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7 Truths I Learned in the Desert of Rebellion

Imagine blistering heat waves surging over your soul.

You’re dwelling in a desert. You’re parched and alone. You’re angry and afraid.

After surveying the thousands of miles that must be retraced to return, the desire for escape is stifled by overwhelming exhaustion.

God seems quite far and restoration an unreachable mirage.

Has this described a familiar illustration? If so, I’ll embrace transparency and confide something:

This is my story. In my lifetime, I have struggled with rebellion. It began in my tweens and has surfaced at several points since then. I’ve made more than one miserable trudge in that direction.

The Bible has something to say about this topic that holds achingly true:

“…the rebellious dwell in a dry land.” -Psalm 68:6b

There are seven truths I’ve learned from the desert of rebellion that leave me hating it every time:

1.Rebellion is never worth it. 

The enemy wants to connive us into believing that rebellion is justified—that we have a right to “do our own thing” and disregard God’s Word or His commandment to honor our father and mother that it will go well with us (Ephesians 6:1-2).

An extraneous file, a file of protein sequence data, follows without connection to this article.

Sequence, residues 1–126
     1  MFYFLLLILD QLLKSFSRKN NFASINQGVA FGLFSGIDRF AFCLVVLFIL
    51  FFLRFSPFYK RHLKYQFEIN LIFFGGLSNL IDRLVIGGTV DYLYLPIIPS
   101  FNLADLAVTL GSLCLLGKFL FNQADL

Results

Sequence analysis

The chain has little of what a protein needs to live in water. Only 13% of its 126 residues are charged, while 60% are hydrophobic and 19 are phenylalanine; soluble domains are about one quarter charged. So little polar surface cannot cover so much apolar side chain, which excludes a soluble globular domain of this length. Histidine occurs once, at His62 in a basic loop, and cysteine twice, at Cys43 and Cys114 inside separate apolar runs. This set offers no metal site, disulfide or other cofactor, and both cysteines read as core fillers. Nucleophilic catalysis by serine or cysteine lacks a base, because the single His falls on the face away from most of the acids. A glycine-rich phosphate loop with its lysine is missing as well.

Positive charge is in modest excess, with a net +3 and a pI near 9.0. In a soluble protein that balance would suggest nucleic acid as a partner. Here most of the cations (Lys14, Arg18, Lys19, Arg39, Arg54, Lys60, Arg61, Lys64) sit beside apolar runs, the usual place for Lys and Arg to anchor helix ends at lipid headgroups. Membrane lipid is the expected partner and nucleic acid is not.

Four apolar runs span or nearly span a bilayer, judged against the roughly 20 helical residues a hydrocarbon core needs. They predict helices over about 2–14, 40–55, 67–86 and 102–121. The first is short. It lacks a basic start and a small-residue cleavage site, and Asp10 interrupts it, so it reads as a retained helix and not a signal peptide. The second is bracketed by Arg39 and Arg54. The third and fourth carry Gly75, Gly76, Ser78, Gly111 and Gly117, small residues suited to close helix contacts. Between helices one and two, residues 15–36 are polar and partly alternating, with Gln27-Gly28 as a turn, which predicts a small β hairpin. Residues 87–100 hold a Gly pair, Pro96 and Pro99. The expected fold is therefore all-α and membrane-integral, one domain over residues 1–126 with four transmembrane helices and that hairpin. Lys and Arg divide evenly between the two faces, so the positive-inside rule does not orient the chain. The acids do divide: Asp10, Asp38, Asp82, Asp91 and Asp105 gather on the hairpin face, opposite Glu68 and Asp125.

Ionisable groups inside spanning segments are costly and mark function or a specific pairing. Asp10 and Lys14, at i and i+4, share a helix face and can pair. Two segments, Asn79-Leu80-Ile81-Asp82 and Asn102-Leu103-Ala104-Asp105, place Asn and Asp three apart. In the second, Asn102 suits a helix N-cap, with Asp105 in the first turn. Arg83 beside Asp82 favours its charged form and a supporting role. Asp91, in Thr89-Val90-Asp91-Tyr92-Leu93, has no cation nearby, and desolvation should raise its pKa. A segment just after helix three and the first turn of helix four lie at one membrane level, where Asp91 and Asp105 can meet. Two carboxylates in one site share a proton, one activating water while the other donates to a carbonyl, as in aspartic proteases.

Nothing justifies disrespect, but if we choose it, instead of ingesting the sweet fruit that submission yields, we must choke down the rotten fruit rightfully earned by our disobedience (Proverbs 1:31).

2. Rebellion isolates.

When being right becomes more important than peacefully yielding to what we know to be true in God’s Word, it leaves us angry and at odds with everyone around us. A barrier is built. We’re left a prisoner, isolated, with nothing but our vices for company. That’s a bitter price, friend, and I have had to painfully dole it out more than once.  It reminds me of this quote:

Satan gives Adam an apple, and takes away Paradise.

Therefore in all temptations let us consider not what he offers, but what we shall lose.”

-Richard Sibbes

3. Rebellion breeds fear, anxiety, and guilt.

It is impossible for a rebellious person to be at peace. They are attacked with warring emotions of fear, anxiety, and guilt over their actions.

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